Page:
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Growth performance, carcass and meat quality of lambs supplemented with increasing levels of a tanniferous bush (Cistus ladanifer L.) and vegetable oils

Francisco, A., Dentinho, M.T., Alves, S.P., Portugal, P.V., Fernandes, F., Sengo, S., Jerónimo, E., Oliveira, M.A., Costa, P., Sequeira, A., Bessa, R.J.B., Santos-Silva, J.
Meat science 2015 v.100 pp. 275-282
Cistus ladanifer, diet, dry matter intake, feedlots, growth performance, kidneys, lambs, linseed, meat, meat quality, muscles, nutritive value, off flavors, omega-3 fatty acids, polyunsaturated fatty acids, soybean oil, storage time, vegetable oil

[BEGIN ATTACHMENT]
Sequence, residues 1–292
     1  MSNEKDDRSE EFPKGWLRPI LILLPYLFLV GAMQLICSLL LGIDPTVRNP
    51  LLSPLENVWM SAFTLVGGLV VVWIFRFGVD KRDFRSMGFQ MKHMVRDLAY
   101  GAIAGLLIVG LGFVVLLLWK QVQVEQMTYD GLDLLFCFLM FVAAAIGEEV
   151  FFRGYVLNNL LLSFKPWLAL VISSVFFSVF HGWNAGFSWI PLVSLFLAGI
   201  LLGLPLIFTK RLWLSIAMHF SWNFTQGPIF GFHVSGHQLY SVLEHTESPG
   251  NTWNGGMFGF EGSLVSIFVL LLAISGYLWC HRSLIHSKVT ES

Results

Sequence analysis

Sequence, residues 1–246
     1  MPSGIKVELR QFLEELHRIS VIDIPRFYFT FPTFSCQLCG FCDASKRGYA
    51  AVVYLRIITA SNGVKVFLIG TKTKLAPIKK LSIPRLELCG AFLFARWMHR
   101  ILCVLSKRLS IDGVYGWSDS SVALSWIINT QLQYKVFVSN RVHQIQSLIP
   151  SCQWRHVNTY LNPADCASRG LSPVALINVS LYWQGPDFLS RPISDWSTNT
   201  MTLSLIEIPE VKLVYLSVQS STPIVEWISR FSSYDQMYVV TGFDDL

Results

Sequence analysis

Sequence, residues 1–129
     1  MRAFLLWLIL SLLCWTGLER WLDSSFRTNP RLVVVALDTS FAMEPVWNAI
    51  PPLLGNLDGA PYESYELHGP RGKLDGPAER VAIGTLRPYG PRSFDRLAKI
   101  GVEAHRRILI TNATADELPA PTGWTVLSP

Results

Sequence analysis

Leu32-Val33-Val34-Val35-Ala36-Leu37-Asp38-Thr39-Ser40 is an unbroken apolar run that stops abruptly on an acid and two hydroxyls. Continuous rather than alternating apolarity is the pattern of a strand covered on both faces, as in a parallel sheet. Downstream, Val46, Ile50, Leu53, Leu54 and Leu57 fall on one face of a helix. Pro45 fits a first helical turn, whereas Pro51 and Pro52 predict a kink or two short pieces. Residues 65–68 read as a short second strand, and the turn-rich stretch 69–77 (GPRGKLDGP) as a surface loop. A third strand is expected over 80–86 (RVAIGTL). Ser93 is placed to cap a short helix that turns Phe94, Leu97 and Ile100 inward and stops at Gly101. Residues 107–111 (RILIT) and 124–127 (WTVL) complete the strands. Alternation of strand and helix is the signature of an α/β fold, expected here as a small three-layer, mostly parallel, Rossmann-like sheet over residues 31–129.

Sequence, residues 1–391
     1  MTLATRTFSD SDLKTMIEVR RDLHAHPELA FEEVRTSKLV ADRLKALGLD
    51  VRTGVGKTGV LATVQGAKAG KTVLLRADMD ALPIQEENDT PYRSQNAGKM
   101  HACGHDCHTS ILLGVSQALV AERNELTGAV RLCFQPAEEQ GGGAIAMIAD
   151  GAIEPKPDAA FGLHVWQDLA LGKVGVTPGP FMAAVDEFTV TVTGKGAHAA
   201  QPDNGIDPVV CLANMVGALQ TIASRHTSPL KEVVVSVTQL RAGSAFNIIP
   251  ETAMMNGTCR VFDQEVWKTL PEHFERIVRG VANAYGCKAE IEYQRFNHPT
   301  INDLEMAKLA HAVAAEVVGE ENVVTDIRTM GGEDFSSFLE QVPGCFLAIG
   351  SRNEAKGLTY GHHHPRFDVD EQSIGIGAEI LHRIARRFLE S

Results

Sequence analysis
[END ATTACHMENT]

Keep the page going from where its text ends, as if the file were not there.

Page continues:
The effects of dietary inclusion of Cistus ladanifer L. (CL) and a vegetable oil blend were evaluated on growth performance, carcass and meat quality of fifty four lambs that were assigned to 9 diets, corresponding to 3 levels of CL (50, 100 and 200 g/kg DM) and 3 levels of oil inclusion (0, 40 and 80 g/kg DM). Treatments had no effects on growth rate. Oil depressed dry matter intake (P = 0.017), carcass muscle (P = 0.041) and increased (P = 0.016) kidney knob channel fat. Chemical and physical meat quality traits were not affected by treatments. Off-flavour perception was higher for 8% of oil (P < 0.001). The level of 100 g/kg DM of CL inclusion improved meat stability after 7 days of storage. Supplementation with linseed and soybean oils (2:1) was a good approach to improve meat nutritional value from feedlot lambs, increasing total n-3 PUFA.